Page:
Automatic cut−outs Automatic cut−outs are used in control installations and mainly in households. They are manufactured for rated voltages up to 380 V and rated currents up to 25 A as automatic circuit breaker with thread E 27 (Figure 7) and as automatic line protection (Figure 8).A thermal trip is provided for protection against overload. Actuation is carried out by a 13 . − Undervoltage trip The undervoltage trip operates electromagnetically and responds to the decrease in operating voltage. The adjustment range of the thermal trip is adjusted to the rated current of the load (for example thermal relay as motor protection) or the release value of the rated current has been determined by the manufacturer (for example automatic cut−out). It is a tripping device with delay effect which in the overload range acts on a tripping pawl by heating up of one bimetal each per outer conductor. Figure 7 Automatic cut−out Figure 8 Automatic line protection For each outer conductor one automatic cut−out is required as individual module.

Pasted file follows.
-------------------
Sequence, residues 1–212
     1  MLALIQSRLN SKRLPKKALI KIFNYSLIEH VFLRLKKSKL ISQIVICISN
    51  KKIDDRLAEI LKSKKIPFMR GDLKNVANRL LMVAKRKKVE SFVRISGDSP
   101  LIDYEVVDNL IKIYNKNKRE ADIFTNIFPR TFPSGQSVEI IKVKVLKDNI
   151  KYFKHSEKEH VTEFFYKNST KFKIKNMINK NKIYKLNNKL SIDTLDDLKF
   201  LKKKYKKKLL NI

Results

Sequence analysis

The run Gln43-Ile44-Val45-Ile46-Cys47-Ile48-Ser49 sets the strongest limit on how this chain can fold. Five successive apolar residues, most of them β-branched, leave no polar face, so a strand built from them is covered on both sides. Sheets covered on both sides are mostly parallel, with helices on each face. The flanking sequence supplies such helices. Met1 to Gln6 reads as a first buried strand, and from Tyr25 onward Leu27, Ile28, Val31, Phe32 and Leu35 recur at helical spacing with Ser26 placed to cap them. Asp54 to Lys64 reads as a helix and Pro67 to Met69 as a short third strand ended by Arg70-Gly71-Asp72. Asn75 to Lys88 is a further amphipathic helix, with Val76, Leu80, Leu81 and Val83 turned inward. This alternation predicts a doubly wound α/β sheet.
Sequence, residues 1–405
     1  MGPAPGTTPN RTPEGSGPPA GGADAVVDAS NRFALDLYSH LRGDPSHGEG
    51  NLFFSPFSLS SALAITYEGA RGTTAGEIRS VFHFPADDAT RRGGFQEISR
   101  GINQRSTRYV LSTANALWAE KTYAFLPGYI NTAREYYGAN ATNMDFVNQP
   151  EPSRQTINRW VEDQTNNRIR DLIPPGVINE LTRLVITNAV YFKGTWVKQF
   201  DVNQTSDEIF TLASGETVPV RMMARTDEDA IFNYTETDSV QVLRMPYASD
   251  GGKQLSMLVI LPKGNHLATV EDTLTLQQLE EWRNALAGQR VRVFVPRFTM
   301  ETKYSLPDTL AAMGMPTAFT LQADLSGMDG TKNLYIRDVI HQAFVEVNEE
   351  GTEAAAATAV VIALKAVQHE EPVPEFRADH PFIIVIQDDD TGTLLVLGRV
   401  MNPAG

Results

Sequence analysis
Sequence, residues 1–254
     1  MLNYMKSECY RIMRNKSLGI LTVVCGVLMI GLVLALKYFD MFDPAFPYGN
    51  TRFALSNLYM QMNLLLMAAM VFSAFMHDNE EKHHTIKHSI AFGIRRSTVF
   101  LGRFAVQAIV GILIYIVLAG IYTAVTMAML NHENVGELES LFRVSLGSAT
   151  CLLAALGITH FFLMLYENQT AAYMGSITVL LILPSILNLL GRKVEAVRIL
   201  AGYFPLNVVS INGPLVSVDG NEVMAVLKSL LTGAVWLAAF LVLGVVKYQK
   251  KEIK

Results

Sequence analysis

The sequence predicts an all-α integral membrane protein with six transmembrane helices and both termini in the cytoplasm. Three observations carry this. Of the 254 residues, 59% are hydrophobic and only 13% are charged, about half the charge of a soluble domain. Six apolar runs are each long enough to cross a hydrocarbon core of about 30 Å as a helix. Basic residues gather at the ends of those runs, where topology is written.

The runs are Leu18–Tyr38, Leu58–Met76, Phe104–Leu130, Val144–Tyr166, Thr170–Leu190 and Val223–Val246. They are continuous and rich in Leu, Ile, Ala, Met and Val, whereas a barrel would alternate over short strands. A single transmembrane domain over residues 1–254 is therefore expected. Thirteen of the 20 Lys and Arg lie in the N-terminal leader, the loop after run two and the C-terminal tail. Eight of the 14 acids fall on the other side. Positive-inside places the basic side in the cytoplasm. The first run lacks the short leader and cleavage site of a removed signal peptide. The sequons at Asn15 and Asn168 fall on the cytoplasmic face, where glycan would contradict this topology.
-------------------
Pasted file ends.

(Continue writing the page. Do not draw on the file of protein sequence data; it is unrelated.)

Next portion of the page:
By means of a trip−free release an unhindered tripping can take place even if the control element is held fast. Figure 10 Principle of the fault−current protective switch 14 . They form the primary winding. are led through the summation current transformer. Fault−current protectives switches: Fault−current protective switches are used as a protective measure against electric shocks in low−voltage installations. The module consists of: − thermal trip − magnetic overcurrent trip − latching device Switches for special tasks In addition to the circuit breakers for low−voltage installations explained until now. Figure 9 Fault−current protective switch The fault−current protective switch or the fault−current facility monitors inductively with a current transformer the sum of inflowing and out−flowing currents in the system to be protected.toggle lever. also the neutral conductor. With a faultless circuit in the three−phase system or in the alternating current system the sum of all currents is zero at that moment. For this purpose all conductors coming from the network. The current flowing against earth in case of a body contact or a line−to−earth fault disturbs the symmetry and generates in the secondary winding of the transformer a voltage which disconnects the installation when the rated fault current is exceeded. special switches for specific purposes are manufactured.